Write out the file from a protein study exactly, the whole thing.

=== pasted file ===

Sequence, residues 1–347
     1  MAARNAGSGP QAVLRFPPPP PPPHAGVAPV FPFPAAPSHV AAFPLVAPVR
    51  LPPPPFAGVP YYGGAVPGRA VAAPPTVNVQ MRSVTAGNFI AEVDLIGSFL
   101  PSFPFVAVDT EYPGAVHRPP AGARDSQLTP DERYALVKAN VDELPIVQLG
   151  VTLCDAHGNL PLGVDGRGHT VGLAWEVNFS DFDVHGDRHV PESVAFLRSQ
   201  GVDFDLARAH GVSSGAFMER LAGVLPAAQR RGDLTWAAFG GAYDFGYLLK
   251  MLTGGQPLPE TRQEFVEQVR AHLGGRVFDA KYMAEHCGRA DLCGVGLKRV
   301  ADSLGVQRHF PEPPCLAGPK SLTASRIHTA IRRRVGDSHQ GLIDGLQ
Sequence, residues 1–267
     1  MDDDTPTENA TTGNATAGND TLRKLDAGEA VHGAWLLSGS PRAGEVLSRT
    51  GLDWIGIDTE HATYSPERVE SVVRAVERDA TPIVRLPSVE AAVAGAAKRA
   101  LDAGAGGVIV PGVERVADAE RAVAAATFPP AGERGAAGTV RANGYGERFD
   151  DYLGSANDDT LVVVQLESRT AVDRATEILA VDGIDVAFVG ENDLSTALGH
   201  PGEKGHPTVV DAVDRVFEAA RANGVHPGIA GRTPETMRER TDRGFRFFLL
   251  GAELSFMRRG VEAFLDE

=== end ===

Sequence, residues 1–347
     1  MAARNAGSGP QAVLRFPPPP PPPHAGVAPV FPFPAAPSHV AAFPLVAPVR
    51  LPPPPFAGVP YYGGAVPGRA VAAPPTVNVQ MRSVTAGNFI AEVDLIGSFL
   101  PSFPFVAVDT EYPGAVHRPP AGARDSQLTP DERYALVKAN VDELPIVQLG
   151  VTLCDAHGNL PLGVDGRGHT VGLAWEVNFS DFDVHGDRHV PESVAFLRSQ
   201  GVDFDLARAH GVSSGAFMER LAGVLPAAQR RGDLTWAAFG GAYDFGYLLK
   251  MLTGGQPLPE TRQEFVEQVR AHLGGRVFDA KYMAEHCGRA DLCGVGLKRV
   301  ADSLGVQRHF PEPPCLAGPK SLTASRIHTA IRRRVGDSHQ GLIDGLQ
Sequence, residues 1–267
     1  MDDDTPTENA TTGNATAGND TLRKLDAGEA VHGAWLLSGS PRAGEVLSRT
    51  GLDWIGIDTE HATYSPERVE SVVRAVERDA TPIVRLPSVE AAVAGAAKRA
   101  LDAGAGGVIV PGVERVADAE RAVAAATFPP AGERGAAGTV RANGYGERFD
   151  DYLGSANDDT LVVVQLESRT AVDRATEILA VDGIDVAFVG ENDLSTALGH
   201  PGEKGHPTVV DAVDRVFEAA RANGVHPGIA GRTPETMRER TDRGFRFFLL
   251  GAELSFMRRG VEAFLDE